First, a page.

The state of those committing transactions is actually undefined. Once you issue COMMIT and MySQL crashes without the application receiving an answer to COMMIT, you cannot know if the transaction will be committed or rolled-back after crash-recover. Two obvious cases are the following and all other cases in between are more complicated:
      1) you issue COMMIT and MySQL crashes right away without anything being done: the transaction will be rolled-back after crash-recovery,
      2) MySQL crashes after COMMIT is complete but just before it returns to the client: the transaction will be committed after crash-recovery.

      When you write that you might loose max 1 transaction with high durability settings, I think you mean loose max 1 _committing_ transaction. This is not even true. If your application COMMIT 10 transactions exactly at the same time and then MySQL crash, if all those transactions are in state #1 above (MySQL only received the COMMIT request and has not started doing anything), those 10 transactions will be roll-ed back after crash recovery.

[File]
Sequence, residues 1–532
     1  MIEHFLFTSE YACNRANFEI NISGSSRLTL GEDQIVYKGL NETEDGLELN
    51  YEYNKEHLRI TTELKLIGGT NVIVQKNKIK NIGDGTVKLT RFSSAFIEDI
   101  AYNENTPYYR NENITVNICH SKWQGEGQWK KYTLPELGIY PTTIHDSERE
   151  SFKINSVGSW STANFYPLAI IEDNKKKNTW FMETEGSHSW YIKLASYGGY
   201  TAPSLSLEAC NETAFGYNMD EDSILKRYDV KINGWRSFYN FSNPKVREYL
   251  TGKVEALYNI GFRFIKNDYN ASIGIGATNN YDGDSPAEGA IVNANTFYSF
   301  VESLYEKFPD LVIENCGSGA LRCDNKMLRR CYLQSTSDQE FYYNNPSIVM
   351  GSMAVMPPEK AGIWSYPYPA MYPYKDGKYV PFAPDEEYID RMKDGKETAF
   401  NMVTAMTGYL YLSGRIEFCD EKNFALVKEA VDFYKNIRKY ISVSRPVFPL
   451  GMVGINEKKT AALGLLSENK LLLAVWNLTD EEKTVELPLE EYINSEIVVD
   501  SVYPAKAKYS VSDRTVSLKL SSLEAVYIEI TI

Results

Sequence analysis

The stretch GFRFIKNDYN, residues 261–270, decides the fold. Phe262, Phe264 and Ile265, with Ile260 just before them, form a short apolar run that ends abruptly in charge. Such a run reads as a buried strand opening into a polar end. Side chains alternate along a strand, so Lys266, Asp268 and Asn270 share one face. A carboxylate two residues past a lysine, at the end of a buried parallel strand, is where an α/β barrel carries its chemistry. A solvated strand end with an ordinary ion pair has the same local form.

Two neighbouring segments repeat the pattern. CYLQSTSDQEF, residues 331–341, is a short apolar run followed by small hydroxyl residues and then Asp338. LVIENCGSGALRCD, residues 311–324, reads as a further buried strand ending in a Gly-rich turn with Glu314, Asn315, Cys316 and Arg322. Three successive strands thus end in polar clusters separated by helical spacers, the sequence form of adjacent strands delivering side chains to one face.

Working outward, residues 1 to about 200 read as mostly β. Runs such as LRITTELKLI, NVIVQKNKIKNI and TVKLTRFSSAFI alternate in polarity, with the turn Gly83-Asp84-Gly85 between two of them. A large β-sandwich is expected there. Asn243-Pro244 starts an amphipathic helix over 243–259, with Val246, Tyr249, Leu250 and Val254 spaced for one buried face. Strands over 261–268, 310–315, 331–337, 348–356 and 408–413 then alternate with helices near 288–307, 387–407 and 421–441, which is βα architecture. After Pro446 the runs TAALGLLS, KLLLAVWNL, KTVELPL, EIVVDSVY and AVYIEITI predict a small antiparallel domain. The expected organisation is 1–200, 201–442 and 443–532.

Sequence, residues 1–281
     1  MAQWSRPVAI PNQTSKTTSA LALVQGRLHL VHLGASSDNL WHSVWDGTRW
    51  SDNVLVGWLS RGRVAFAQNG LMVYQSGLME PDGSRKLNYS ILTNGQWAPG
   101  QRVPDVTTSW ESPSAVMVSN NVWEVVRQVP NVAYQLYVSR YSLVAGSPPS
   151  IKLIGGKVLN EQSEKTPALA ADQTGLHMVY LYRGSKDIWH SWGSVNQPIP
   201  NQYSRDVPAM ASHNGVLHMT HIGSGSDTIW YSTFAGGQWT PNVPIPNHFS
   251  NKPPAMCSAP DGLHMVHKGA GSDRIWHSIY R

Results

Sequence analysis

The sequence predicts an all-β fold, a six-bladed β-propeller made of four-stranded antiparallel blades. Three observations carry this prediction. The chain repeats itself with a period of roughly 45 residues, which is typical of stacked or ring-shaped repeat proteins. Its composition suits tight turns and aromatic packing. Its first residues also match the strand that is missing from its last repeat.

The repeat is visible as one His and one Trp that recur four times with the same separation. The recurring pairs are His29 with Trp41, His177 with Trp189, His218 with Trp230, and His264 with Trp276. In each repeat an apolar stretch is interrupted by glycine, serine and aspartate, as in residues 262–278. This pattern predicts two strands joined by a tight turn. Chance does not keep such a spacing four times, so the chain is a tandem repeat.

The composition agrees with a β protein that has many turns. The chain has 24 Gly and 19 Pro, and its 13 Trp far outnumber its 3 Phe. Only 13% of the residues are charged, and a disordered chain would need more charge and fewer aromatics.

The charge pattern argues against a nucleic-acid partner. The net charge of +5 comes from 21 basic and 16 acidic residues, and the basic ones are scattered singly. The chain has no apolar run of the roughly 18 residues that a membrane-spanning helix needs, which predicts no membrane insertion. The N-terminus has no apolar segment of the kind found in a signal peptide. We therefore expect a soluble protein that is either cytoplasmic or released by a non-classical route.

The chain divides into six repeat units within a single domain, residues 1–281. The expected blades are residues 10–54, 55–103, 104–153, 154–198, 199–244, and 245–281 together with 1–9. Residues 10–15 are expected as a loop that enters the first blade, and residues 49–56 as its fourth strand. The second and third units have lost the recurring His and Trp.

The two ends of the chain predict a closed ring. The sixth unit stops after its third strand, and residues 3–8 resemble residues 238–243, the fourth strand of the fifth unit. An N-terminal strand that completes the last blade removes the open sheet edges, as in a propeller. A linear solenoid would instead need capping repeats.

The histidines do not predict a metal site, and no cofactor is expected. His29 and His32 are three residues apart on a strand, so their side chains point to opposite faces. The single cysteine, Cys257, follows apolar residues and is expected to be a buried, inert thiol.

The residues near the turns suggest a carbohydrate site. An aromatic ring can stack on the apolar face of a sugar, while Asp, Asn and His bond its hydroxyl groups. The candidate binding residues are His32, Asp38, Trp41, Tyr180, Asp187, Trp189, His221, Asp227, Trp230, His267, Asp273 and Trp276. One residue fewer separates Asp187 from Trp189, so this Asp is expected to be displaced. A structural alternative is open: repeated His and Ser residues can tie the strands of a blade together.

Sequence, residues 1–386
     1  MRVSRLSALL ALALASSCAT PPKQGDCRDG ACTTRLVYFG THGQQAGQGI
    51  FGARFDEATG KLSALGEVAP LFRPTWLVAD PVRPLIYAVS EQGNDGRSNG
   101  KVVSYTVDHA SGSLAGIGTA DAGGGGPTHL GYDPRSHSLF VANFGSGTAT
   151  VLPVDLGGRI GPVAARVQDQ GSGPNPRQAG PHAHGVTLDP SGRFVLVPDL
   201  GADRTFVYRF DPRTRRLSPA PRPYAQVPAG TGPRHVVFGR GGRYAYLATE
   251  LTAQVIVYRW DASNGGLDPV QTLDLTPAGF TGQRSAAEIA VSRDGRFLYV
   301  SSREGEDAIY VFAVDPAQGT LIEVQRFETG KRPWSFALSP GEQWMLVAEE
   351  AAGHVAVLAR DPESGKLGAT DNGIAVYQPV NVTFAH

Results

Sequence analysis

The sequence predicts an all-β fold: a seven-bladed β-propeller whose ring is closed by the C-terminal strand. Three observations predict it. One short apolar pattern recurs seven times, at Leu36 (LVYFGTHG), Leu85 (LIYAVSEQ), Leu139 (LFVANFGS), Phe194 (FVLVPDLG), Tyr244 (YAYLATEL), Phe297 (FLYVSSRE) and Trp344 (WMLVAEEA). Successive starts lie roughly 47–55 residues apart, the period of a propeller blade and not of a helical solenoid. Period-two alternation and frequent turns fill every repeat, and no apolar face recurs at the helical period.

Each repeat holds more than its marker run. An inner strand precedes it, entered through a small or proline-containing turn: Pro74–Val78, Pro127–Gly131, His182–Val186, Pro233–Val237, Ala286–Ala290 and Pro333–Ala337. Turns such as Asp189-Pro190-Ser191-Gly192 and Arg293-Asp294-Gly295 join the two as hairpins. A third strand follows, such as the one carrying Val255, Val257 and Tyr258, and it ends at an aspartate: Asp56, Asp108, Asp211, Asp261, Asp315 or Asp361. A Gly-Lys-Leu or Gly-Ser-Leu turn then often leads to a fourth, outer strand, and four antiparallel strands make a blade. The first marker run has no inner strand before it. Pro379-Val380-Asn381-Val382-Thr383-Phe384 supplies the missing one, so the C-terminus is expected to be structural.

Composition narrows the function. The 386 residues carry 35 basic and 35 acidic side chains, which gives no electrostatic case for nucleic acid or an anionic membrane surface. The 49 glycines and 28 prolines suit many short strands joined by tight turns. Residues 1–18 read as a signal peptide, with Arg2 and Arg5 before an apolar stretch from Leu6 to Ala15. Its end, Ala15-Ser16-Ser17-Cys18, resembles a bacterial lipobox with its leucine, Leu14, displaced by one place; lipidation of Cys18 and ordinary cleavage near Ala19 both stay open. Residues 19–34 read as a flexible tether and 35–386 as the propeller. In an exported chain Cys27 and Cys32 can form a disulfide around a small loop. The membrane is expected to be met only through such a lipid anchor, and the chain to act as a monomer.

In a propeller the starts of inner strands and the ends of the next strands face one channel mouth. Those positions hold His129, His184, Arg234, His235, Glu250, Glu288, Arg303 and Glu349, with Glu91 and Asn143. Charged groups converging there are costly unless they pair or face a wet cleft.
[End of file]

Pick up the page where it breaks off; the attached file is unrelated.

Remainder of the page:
This is exactly what would happen in the example you give ("I set binlog_group_commit_sync_delay = 100ms and there are 10 transactions that have happened within those 100 ms"). For MySQL, those 10 transactions just started committing, so if MySQL crashes in those 100ms, the 10 transactions are lost. This does not violate any persistence guaranty: those transactions were not _committed_ (commit did not return) so their state is undefined.

      I hope this is clear...

  3. Hi Jean - Thanks so much for your detailed explanation. I got a good understanding of this now.

  4. Hi Jean - I ran into a strange issue with high durability settings and semi synchronous replication. Basically, in my master, there are executed GTIDs but are missing in the binary logs. I dont think it is directly related to this blogging topic though and my apologies for raising this here. If there are other suitable ways to share this question, please let me know, so that I can share more details.

    1. Sorry for the late reply, I was busy... You could share you question at below mail, but I am not sure if I will have a lot of time for looking into that.
      jfg DOT mysql AT